My friend, Matt Logan, is president of a group called Potomac Riverkeeper.  I suggested to him early this week that we team up to do something about the lawncare chemical industry’s saturation of chemicals on lawns.  I was pleasantly surprised when he sent me an article showing that a law in MD was passed in 2009 that somewhat limits the application of lawn chemicals (the legislation generally copied Annapolis’ existing law).

Regulating the supply is a good start.  The next step is to decrease demand by educating consumers and changing their behaviors.  Please join this campaign to save the Chesapeake watershed – and take comfort in knowing that there are many on board already.

Posted in bugs/animals, environment, home, Lawn, Living, nature, water | Tagged , , , , | 48 Comments

Man Walks Dog, Terrorizes Neighborhood

When my wife and I were looking for a house to buy 15 years ago, I told her about a rule I had: the “let-the-dog-out-without-worrying-about-it-getting-hit-by-a-car” rule.  I wasn’t even sure we’d ever get a dog, but figured this rule would also apply to future kids.  Our neighborhood has large yards, lots of trees/forest, and all streets are dead ends.  

photo (12)

About 2 years ago, we did indeed get that dog.

Meet Winnie

Meet Winnie

When I was a kid, the friendly dogs went free, following the pack of roaming kids.  In these past 2 years, I’ve discovered the world of dog-ownership has changed a great deal…

SCANDAL #1:  I let my dog walk off leash.  She’s half whippet and half black lab.  She was made to run.  As we walk she chases squirrels, chipmunks, deer, and fox.  She will never catch a fox.  I don’t think she really wants to catch a deer.  But she has hit the lottery a couple of times and caught a squirrel and 2 chipmunks.  She is extremely obedient (thank you previous owners, whoever you are!).  I can literally snap my fingers and she’s at my side – or better yet, call “Winnie, come!” and she jerks in my direction like I yanked hard on a tight leash.  I don’t let her approach pedestrians or other dogs, because I know that those people don’t know whether my dog is friendly.  However, I know from the harsh glares of some of the neighbors (even other dog owners), a lecture I once received from a neighbor, and some whispers I’ve heard through the neighborhood grapevine, that I am considered a menace by quite a few people.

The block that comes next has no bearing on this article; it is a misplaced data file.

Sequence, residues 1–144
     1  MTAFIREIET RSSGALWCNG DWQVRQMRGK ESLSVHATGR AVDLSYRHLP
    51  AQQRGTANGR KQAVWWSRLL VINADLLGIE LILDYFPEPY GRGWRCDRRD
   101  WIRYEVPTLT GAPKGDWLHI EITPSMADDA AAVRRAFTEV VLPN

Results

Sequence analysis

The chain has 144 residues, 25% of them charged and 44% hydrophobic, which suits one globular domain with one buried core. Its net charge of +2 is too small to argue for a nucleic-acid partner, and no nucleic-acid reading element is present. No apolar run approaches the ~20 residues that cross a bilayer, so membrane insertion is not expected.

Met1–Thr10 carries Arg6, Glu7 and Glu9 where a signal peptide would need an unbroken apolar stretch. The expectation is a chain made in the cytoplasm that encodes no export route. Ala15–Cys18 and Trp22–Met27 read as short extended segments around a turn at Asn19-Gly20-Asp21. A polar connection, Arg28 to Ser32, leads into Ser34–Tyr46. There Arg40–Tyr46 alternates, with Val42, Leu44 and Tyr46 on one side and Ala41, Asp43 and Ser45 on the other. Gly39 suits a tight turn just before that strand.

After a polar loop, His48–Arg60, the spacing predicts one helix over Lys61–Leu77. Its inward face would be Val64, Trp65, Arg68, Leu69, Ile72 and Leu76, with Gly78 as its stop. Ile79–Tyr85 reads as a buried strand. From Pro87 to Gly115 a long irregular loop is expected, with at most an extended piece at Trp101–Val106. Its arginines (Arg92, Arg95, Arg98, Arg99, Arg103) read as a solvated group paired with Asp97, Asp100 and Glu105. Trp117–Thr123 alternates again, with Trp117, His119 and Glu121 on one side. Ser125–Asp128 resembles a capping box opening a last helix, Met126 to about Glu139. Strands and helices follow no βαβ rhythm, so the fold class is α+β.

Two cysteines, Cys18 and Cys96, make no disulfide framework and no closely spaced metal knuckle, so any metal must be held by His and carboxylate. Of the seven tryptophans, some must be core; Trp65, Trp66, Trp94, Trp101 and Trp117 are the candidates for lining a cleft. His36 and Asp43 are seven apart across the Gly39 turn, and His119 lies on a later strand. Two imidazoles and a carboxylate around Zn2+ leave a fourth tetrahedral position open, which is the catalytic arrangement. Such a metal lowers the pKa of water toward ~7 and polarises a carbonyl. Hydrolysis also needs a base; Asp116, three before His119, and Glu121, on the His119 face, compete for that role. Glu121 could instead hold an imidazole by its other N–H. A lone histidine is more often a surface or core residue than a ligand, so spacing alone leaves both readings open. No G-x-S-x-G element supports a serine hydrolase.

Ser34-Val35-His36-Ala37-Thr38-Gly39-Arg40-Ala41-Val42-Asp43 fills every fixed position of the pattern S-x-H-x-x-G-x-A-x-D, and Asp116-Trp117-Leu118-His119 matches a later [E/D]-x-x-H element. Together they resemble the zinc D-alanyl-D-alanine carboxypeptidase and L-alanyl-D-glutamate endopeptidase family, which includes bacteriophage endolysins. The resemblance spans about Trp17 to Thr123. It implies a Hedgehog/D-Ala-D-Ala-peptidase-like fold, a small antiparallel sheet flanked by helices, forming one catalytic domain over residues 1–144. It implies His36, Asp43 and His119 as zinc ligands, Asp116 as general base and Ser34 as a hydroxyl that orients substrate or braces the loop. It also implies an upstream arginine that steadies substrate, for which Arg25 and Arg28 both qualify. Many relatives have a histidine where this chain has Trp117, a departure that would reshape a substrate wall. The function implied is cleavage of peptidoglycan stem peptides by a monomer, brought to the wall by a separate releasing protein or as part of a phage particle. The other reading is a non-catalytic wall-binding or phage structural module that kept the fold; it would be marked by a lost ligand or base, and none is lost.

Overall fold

SCANDAL #2:  I cut through some neighbors’ yards.  I take my dog through the woods, as I walk along a creek often picking up trash.  To get back to my neighborhood, I need to cut through some neighbors’ backyards.  I made the mistake of doing this while one of our older neighbor’s kids was visiting and doing yardwork.  She was in the front yard and as I came walking out of her driveway and on to the street, I said “Hi.”  She was about 40′-50′ away, yet physically startled and exclaimed, “Oh!”  My dog followed behind me as we entered the street.  Less than 2 weeks have passed since then and I can tell that this was a traumatic experience for my neighbor’s daughter, as this “no trespassing” sign has since been posted.

photo (5)

The elderly woman who lives there is as sweet as can be.  I wonder if she knows that this sign is there?

I had a similar experience with a neighbor when we first got our cat and let her outside.  She “escaped” (or in retrospect, “went”) into our neighbor’s bamboo.  A woman, who was also visiting her elderly mom, came running out asking me who I was and what I was doing on their property.  I guess it didn’t help settle her nerves that at the time I was in my bathrobe and slippers.

SCANDAL #3:  And this is a big one… I don’t pick up my dog’s poop.  I get that we, being a civilized society and all, don’t want dog poop lying around in places where we might step – places like sidewalks, walkways, or an entire yard of any house with kids.  But when did we become so generally rigid that we need to strictly control where animals poop outside?!?